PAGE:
The sisters grew up in southeastern Massachusetts listening to their parents' albums of Patsy, Merle, Loretta Lynn, Marty Robbins, Charlie Rich and Charley Pride.
The Wades sang in church, at family gatherings and area clubs growing up. After high school, they went their separate ways. Debbie went off to the local state college, majoring in aviation science, while Julie headed south to Nashville where she scored a job at Opryland USA performing in a show about the history of country music.
"For me, it was a way to come down here and have a job and to meet some music folks," says Julie. "I didn't think someone would come up to the park and discover me. I never wanted to do it by myself anyway."
"I performed in a way that I would never have experienced (otherwise)," she says. "There was some acting, working in an ensemble. You're always on stage and always performing, six days out in the heat, you're doing the same show every day, We call it industrial performance, but it's great experience."
She got to work with the likes of Chely Wright, Dean Sams of Lonestar, Ken Mellons, Rhett Akins and James Bonamy.
Debbie would come down for occasional visits, which included writing together and performing in such places as the Bluebird Cafe.
At Julie's urging, Debbie headed south in 1996 after getting a masters at a Boston conservatory.
"I had finished up school, and I wanted to be in the music world, and Julie was down there," says Debbie. "I really loved writing songs. I knew if I wanted to make that a career also, I'd have to be in a place that was happening."
"The whole music community is centered around songwriting in Nashville. I needed to be in Nashville full-time."
While not doing their day-time jobs of secretarial and corporate sales work, the sisters would continue writing and performing.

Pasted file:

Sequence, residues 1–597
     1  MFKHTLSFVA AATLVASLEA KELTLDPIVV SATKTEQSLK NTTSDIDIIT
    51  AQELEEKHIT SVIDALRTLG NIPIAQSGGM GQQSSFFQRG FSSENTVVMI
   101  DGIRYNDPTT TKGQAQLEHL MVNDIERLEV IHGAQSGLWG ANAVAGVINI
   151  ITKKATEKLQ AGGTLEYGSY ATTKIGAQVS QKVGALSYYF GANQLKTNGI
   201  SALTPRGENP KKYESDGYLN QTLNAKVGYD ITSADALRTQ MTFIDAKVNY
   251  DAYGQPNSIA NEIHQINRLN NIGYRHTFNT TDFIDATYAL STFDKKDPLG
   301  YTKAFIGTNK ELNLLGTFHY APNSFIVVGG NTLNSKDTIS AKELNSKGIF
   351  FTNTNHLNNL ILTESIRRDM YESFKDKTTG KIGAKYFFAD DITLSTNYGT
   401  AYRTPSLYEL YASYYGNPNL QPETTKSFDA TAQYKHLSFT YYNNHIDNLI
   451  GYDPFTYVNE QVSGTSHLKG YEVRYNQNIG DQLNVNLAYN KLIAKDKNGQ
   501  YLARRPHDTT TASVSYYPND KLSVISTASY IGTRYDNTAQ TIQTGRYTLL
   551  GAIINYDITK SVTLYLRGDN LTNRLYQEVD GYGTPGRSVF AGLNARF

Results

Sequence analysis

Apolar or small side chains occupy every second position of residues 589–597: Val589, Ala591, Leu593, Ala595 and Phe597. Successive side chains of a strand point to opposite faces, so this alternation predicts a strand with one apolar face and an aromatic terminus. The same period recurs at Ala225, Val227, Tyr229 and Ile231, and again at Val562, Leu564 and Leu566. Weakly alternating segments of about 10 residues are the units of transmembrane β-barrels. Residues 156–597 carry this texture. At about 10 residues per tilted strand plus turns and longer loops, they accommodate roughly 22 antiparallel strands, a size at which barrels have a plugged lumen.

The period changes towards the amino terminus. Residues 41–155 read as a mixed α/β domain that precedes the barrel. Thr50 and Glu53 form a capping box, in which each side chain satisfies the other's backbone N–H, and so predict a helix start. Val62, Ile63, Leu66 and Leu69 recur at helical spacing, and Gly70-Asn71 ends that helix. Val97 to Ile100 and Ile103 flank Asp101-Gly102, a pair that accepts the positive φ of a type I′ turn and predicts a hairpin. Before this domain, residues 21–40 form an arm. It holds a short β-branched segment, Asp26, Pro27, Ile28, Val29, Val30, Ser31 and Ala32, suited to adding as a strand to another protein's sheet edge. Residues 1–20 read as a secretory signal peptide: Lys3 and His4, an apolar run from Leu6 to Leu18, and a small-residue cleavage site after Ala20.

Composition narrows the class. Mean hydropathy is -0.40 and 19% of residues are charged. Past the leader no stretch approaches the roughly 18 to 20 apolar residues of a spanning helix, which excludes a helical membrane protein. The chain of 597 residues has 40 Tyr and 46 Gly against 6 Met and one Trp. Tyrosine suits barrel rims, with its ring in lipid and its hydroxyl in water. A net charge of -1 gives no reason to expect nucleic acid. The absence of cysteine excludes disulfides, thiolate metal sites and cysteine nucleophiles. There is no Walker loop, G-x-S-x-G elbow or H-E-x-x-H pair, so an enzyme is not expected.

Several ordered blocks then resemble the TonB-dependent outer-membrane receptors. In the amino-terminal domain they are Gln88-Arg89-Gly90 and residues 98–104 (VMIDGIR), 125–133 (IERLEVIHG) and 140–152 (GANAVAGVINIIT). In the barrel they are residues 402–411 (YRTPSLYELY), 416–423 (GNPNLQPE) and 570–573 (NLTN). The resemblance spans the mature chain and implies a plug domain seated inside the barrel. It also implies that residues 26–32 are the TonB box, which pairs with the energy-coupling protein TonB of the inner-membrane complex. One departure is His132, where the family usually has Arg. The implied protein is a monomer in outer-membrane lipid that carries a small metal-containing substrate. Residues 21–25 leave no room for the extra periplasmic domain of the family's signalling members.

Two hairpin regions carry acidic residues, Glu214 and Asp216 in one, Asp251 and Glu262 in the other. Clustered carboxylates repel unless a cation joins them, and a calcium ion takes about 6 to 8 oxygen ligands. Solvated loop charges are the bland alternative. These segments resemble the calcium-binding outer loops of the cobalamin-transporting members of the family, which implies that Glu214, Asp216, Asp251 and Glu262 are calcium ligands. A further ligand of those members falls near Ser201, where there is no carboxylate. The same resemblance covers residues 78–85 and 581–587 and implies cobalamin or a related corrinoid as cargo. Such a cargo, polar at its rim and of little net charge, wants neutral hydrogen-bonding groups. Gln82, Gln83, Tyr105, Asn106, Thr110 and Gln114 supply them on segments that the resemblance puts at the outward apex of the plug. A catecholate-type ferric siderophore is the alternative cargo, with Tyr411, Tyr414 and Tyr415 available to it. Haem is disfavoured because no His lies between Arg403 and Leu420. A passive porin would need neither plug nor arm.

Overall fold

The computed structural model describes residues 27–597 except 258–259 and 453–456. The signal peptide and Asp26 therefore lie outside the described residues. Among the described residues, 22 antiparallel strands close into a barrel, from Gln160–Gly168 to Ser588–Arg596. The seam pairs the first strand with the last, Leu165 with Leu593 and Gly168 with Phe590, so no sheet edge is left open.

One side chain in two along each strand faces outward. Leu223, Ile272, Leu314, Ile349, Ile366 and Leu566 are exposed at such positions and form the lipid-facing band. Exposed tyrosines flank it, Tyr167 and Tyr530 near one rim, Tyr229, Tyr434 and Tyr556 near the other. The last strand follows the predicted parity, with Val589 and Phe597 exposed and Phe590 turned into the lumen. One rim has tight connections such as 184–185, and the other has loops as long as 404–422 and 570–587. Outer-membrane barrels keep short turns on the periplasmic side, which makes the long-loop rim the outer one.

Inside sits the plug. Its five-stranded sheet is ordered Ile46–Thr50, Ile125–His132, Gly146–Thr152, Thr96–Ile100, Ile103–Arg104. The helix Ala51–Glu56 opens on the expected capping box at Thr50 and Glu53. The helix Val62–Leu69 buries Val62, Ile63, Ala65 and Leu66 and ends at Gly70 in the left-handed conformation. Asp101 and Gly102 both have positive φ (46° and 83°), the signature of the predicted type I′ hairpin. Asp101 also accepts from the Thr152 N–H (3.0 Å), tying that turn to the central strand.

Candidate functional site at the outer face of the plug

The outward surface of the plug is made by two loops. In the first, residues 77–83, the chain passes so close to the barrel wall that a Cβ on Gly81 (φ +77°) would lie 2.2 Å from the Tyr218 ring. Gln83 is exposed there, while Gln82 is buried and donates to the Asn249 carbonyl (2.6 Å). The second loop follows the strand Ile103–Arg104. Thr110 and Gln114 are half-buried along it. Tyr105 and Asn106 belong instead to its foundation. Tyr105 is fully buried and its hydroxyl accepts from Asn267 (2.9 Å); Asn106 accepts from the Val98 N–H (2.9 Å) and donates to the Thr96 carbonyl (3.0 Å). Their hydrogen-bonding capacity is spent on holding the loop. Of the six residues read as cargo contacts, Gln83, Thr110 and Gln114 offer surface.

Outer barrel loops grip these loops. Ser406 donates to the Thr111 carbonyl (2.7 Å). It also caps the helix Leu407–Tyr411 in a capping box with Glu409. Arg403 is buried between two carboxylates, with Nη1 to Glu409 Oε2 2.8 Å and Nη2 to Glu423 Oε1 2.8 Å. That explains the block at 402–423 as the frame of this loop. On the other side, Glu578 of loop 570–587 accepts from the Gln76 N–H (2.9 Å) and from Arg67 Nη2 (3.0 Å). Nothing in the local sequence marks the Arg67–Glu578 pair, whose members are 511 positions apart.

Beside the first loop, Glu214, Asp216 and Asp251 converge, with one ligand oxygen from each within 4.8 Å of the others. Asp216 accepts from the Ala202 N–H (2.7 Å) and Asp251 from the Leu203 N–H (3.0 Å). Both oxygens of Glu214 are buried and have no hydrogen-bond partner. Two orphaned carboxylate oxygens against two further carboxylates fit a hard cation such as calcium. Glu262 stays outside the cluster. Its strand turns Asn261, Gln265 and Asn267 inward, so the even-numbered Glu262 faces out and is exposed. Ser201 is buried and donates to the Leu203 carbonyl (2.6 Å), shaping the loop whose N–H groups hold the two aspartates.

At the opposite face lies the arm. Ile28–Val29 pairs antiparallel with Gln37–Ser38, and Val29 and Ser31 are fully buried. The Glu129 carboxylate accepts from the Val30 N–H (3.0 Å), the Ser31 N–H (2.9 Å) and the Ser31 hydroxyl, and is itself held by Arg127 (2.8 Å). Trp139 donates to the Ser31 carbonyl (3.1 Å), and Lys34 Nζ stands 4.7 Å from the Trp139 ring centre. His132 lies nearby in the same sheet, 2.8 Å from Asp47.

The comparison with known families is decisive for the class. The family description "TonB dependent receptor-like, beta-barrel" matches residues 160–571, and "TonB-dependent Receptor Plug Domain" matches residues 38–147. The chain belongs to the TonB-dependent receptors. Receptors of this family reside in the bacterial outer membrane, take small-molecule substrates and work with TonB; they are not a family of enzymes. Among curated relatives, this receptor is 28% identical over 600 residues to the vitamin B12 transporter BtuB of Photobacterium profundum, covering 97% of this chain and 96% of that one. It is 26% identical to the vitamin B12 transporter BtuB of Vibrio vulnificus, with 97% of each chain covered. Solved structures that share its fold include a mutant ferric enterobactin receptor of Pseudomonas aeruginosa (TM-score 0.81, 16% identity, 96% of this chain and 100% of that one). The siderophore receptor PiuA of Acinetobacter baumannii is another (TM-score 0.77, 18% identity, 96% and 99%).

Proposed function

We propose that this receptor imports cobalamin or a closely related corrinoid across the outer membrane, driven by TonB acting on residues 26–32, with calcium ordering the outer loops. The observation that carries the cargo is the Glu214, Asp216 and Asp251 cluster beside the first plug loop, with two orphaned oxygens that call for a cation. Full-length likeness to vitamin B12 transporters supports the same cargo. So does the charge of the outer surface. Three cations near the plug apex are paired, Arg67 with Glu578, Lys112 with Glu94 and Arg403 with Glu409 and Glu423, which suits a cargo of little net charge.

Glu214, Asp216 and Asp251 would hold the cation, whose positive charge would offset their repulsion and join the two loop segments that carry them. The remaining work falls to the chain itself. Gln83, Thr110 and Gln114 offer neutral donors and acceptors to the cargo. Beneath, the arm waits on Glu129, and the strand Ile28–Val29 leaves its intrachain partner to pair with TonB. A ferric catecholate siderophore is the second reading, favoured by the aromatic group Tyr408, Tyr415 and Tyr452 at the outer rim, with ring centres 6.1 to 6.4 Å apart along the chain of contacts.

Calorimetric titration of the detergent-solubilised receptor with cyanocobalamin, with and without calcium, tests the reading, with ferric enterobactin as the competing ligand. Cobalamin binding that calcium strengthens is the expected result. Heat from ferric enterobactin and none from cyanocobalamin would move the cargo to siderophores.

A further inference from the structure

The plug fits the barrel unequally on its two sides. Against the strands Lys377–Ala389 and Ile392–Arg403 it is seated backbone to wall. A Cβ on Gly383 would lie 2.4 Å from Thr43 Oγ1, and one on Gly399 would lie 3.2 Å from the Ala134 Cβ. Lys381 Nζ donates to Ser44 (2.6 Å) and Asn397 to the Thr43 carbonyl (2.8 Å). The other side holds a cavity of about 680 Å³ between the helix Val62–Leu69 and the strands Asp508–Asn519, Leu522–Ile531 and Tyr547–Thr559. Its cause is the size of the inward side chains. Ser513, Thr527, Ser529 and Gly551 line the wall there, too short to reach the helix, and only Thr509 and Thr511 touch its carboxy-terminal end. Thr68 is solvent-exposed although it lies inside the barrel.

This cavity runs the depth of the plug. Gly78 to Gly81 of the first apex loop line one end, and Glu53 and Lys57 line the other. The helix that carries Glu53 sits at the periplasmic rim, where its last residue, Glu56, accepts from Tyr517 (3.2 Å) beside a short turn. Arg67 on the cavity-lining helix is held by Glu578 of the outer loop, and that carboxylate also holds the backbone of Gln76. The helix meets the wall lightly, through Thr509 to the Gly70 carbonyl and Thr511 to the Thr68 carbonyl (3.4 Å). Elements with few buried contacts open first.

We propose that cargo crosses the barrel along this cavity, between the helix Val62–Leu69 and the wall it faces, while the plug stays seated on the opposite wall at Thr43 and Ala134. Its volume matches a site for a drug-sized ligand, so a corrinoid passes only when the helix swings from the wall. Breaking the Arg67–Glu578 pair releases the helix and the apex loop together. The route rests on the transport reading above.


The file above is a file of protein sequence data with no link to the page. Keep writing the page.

The Wades wrote all but one song on their debut. "Since I've moved to Nashville it's a little different because a lot of people want to write with you. I like writing with Julie probably the best. It's real easy. We know each other. When you write with someone new, it's not always productive."
"It just depends on the situation. You got out to lunch with somebody - sometimes it hits off great. Sometimes it doesn't.
"Julie and I are a little different. We are less regimented. We may not write a song in four hours. Especially I like to write really late at night."
The result is generally a series of songs dealing with the different angles of love and relationships. The song titles - "Don't Let Me Down," "I'm Not Over You," "You're All I Need," "Slipping Away" - pretty much tell the story line.
The sisters will take their songs with them and move beyond their three-hour Wednesday night gigs at Tootsie's for awhile, opening 23 dates for the Charlie Daniels Band for two months starting in mid-October.
"We are more country," says Debbie. "A lot of the (mainstream country) music is more pop. Yeah, that's going to be a lot more of an issue for some of the primary (radio) markets. It's going to be a challenge and one that the label knows. But it's country music. It's what we do. If we clicked up and did something else, that's not what we do."
She says she hopes the country music climate is changing to their benefit. "Hopefully our timing is right on it, and we'll be accepted too."